Luis Miguel de la Bahia
HAVANA TIMES — Landing at Havana’s Jose Marti Airport after a 10 hour flight, we found ourselves in a situation that would be unthinkable in any other airport I’ve visited: There were hardly any luggage carts.
A line immediately formed to collect the few they did provide, making people wait 10 to 15 minutes for each newly freed one.
We complained to every official possible, but the responses were all the same: “Sorry, I don’t have anything to do with that.” When we finally did find the person in charge, he said that he couldn’t do anything about it either.
No one conceived of an airport that didn’t address such problems and where the staff couldn’t have cared less.
One of them explained that the number of arriving flights was unusual, and that this explained the congestion.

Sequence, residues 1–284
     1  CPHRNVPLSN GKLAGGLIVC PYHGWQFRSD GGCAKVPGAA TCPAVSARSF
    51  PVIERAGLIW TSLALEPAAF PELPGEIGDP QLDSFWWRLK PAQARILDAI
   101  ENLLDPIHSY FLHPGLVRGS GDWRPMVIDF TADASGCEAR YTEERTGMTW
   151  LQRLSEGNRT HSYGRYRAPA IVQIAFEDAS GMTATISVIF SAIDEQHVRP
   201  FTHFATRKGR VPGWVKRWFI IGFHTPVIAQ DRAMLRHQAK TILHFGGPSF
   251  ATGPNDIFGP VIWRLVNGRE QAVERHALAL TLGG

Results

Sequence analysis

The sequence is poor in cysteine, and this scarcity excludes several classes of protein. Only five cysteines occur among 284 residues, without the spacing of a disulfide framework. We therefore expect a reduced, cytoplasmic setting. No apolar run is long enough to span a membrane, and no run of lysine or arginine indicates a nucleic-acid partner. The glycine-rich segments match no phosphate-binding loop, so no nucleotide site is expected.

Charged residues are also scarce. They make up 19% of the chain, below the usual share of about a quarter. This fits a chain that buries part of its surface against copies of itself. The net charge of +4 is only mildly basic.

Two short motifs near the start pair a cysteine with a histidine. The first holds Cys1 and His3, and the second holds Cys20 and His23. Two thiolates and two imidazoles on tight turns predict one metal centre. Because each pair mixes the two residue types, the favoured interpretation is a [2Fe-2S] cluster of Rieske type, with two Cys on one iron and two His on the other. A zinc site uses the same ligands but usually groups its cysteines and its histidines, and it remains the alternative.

My next question was: With the money they make from charges for luggage weight and taxes, wasn’t that enough to buy the essentials to make things operate correctly?
Unlike Cubans 10 years ago, no one was afraid to openly express their displeasure concerning this issue of the carts, charges for excess weight or even unjust immigration policy.
But viewed from another angle, what were the customs people, who have to deal with the public, going to do. The staff was simply doing their work in accordance with the rules of the airport.
So who do we hold responsible? The airport officials who aren’t doing their jobs? The deranged customs regulations? The National Assembly? The people for not demanding that their leaders make things work?
In the immediacy of the situation, we were all looking to pin the blame on the official closest to us, but the truth was — thinking rationally — I didn’t know whose fault this was.
The plane touched down at 4.45 pm and three hours later, finally, I managed to walk passed the customs barrier. Behind me was almost the entire flight, and there — outside — empty carts were everywhere.
When I stepped outside the building, I looked up at a huge sign welcoming me to Cuba.